Danish pigs heading for Colombia as sustainable coffee goes in the opposite direction – The Post

Danish pigs heading for Colombia as sustainable coffee goes in the opposite direction

The food and environment minister, Espen Lunde Larsen, is on the charm offensive in South America

Chuleta valluna with a Danish twist? (photo: Makike.cortes)
December 6th, 2016 3:45 pm| by Christian W

Next time you’re sampling the local ‘chuleta valluna’ in Bogota or Medellin, you might very well be dining on Danish pork.

Colombia recently opened its doors to Danish pork and the food and environment minister, Espen Lunde Larsen, is currently in the South American country in a bid to strengthen trade between the two nations.

“Colombia is a nation experiencing significant economic growth and its population is demanding more pork that the country can produce itself,” said Larsen.

“The country is also interested in increasing its own production and to be able to export in the future, so it is also calling for competencies that Danish authorities and companies have in these areas.”

Despite Colombia’s pork production increasing by 250 percent from 2001-2013, its import of pork increased from 8,814 tonnes in 2000 to 64,491 tonnes in 2013 – an increase of 632 percent.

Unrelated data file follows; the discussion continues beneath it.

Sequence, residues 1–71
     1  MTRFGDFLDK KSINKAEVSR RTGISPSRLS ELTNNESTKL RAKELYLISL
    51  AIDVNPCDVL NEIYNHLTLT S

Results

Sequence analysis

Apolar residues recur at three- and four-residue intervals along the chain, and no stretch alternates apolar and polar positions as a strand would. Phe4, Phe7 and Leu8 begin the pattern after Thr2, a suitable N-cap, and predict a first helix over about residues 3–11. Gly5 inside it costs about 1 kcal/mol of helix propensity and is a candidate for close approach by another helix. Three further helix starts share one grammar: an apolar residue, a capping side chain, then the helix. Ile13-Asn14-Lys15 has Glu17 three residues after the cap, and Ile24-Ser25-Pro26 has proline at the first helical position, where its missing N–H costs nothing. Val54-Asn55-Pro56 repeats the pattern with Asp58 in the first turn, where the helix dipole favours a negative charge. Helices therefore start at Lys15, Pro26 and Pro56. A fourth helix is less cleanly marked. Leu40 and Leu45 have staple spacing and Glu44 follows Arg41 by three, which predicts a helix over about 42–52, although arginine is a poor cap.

Today, Colombia imports pork from three nations: the US, Chile and Canada. Meanwhile, Denmark exports food products worth 108 billion kroner every year – 29 billion kroner of which is pork.

READ MORE: Copenhagen the second most expensive city in the world to drink coffee

Sustainable coffee
While in Colombia, Larsen will also meet with the nation’s cocoa producers in a bid to make Denmark’s consumption of cocoa, coffee and palm oil more sustainable.

Colombia chops down 27,000 hectares of forest every year to make way for more agricultural land for coffee, cocoa and palm oil.

“Denmark’s coffee and chocolate habits shouldn’t be resulting in the Colombian rainforest being diminished,” said Larsen.

“So the government has signed the Amsterdam declaration, which aims to halt the deforestation associated with the import of agriculturally-related goods.

According to an EU study from 2013, the import of crops such as soya, palm oil, coffee and cocoa by EU member states led to the global deforestation of 7.4 million hectares of forest from 1990-2008.

According to Euromonitor, Denmark drinks the seventh most coffee in the world per capita – 5.3 kg per person (consumption of 1.46 cups per day). And that comes despite the Danish capital Copenhagen being the second most expensive city to drink coffee in.